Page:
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Hydrogen Producing Solar Panels on Your Roof? KU Leuven Scientists Take a Step Towards Industrial Production

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Hydrogen producing solar panels on your roof? KU Leuven scientists take a step towards industrial production.

Scientists at KU Leuven have taken an important step towards the industrial production of panels that can extract green hydrogen gas from the air. They previously made several prototypes and are now ready for the next step: industrial production. By 2030, they hope to be able to install the panels on the roofs of homes.

Hydrogen is the smallest and lightest of all chemical elements and has a special property: it carries energy. Hydrogen gas is an energy carrier that can store and produce both electricity and heat.

Jan Rongé (KU Leuven), researcher said:

Hydrogen gas will be important as an energy solution of the future.

“It can be used for many applications. We think in the first place of heavy transport, industry and emergency power generators. With cogeneration, you can also generate electricity and heat with it.”

Hydrogen gas is a gas that does not release greenhouse gases or toxic substances when you use it. The condition is that you make hydrogen with clean energy. And that is exactly what bioengineers Jan Rongé and Tom Bosserez of KU Leuven do. Since 2011, they have been working on a hydrogen panel that converts moisture in the air directly into hydrogen.

How does it work?

The panel captures two things: air and light. Air contains water vapor, and the hydrogen panel uses the sun’s energy (light) to split those water molecules into hydrogen and oxygen.

The hydrogen is stored under pressure (with a compressor) or transported via pipelines and can then be used in all kinds of applications. The oxygen gas is simply released back into the air, without impact on the environment.

Hydrogen panels on your roof by 2030?

According to Rongé and Bosserez, hydrogen is the energy solution of the future. Within KU Leuven, under the name “The Solhyd Project”, they were given the opportunity to test their ideas. They have already developed several prototypes of their hydrogen panel and thanks to support from the Leuven company Comate, they were even able to translate these prototypes into a marketable product.

Sander Van den dries, director of Comate, said:

We are very satisfied that we can turn a research result like this into a marketable product.

“But you can only really speak of an innovation if it is produced, sold and used.” To make this possible, the solhyd research project will become a spin-off company of ku Leuven.

“In this way, we can eventually make the panels in large volumes and distribute them around the world,” says Jan Rongé.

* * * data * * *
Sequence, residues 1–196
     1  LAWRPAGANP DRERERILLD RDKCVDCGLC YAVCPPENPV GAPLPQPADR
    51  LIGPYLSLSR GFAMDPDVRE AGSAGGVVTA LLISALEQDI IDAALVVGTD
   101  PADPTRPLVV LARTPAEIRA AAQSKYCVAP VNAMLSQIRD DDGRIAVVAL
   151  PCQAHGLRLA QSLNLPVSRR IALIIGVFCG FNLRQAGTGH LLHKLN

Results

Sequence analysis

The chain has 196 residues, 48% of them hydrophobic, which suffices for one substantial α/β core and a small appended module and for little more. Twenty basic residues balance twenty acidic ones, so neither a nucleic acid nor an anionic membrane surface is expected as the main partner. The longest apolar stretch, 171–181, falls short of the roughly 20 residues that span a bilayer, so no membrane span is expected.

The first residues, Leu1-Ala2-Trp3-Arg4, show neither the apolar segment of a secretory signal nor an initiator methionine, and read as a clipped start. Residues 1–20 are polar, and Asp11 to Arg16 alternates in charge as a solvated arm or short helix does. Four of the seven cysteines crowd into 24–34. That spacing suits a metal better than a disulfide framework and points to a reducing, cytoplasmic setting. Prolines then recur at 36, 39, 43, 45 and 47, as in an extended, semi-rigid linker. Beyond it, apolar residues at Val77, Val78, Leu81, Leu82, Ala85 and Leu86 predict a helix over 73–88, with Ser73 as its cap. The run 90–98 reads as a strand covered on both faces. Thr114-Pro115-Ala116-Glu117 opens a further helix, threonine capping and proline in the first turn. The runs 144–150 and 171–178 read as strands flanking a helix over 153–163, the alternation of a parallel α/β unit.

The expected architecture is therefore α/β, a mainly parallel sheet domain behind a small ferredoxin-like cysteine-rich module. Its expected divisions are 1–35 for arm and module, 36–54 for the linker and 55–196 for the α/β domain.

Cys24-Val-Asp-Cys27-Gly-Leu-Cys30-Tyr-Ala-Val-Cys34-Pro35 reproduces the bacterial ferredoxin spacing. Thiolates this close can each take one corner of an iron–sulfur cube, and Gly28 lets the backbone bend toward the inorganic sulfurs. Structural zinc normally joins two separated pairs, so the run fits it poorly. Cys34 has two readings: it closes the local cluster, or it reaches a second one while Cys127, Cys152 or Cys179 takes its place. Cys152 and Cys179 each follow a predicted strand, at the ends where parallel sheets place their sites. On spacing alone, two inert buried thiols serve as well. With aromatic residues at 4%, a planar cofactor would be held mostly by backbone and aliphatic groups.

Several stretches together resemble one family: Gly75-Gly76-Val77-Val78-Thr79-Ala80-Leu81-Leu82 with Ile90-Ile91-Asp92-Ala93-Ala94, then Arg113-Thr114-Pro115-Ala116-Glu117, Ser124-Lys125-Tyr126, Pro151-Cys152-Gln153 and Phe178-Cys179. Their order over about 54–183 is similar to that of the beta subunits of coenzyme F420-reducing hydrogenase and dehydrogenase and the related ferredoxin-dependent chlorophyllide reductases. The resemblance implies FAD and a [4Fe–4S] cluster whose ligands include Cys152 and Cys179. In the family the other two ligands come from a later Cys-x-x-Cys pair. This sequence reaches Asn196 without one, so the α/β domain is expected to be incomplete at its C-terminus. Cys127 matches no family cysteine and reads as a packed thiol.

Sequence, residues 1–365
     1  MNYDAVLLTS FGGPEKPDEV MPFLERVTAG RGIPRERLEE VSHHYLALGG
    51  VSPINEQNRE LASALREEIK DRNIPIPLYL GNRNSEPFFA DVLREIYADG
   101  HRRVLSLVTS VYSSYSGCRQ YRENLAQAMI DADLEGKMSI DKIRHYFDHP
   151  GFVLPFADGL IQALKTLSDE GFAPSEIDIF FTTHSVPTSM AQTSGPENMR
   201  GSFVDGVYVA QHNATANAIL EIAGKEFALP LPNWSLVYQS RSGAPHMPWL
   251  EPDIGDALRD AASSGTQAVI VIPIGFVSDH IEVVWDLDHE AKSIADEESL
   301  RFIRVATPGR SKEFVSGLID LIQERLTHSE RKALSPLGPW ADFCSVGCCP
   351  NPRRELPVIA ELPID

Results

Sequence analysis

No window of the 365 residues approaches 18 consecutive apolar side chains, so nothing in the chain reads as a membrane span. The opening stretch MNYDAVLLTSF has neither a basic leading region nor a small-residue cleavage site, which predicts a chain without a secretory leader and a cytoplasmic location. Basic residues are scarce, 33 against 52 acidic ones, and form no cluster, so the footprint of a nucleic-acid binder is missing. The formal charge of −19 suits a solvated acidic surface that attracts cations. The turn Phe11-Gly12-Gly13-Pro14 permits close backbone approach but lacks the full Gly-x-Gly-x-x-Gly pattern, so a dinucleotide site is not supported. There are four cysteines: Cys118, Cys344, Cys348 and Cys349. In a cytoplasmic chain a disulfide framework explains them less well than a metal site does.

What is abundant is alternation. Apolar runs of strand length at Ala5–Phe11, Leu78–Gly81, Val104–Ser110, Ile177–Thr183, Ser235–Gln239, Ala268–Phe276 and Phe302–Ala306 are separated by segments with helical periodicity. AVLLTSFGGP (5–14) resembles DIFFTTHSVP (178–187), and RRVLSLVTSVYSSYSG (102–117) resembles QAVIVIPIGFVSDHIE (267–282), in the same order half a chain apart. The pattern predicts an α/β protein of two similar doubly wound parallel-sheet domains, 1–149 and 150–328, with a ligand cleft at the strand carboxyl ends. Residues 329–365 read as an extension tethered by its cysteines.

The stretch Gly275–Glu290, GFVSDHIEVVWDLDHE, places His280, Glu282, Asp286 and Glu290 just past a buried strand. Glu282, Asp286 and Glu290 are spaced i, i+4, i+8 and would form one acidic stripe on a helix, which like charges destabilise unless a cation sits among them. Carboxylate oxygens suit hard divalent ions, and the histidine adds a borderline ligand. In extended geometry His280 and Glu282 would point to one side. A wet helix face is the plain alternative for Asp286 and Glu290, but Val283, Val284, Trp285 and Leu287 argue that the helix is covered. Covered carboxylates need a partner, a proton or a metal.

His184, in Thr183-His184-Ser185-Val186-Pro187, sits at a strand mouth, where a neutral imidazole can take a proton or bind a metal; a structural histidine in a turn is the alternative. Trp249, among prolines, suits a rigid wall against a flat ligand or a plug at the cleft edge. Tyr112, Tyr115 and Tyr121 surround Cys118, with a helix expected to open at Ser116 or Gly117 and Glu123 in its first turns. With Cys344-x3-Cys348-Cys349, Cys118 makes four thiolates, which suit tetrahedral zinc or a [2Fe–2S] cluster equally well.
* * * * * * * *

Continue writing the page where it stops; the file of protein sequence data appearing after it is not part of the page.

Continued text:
He is already looking forward to the future: “We expect that from 2030 it will be possible to install hydrogen panels on the roofs of homes.”

The energy source of the future?

Hydrogen can be found everywhere on our planet, in inexhaustible quantities. But it almost never occurs in pure form in nature. Hydrogen atoms cling to all kinds of other atoms: oxygen, for example. Two hydrogen atoms (H) and an oxygen atom (O) and you have water (H20): our blue planet is full of them.

But you can also pry those atoms loose and isolate them, as Rongé and Bosserez do with their hydrogen panels. You then get an invisible and odorless extremely light gas, H2, which disappears very quickly. And working with that gas is not without risks, because it is highly flammable, just like most fuels. Especially in closed spaces, this can be dangerous.

Unlike natural gas, hydrogen gas is also environmentally friendly. Although there are clear advantages to the use of hydrogen, experts also question the inefficiency of the system: when the hydrogen breaks free from the water, the storage, the possible transport and the re-mixing of hydrogen with oxygen or air, a great deal of the original energy is lost.

What will that cost?

By 2030, the researchers want to bring their hydrogen panel to the market. The question that cannot be avoided: how much will such an installation cost? “Like any innovative technology, our hydrogen panels will first have higher costs,” we read on the Solhyd Project website.

“With photovoltaic solar panels, however, the cost price has halved in the last 5 years. For hydrogen panels, we foresee a similar evolution. Ultimately, we expect that the cost of a hydrogen panel will be close to a solar panel today.”

READ the latest news shaping the hydrogen market at Hydrogen Central

Hydrogen panels on your roof? KU Leuven scientists take a step towards industrial production, October 19, 2022

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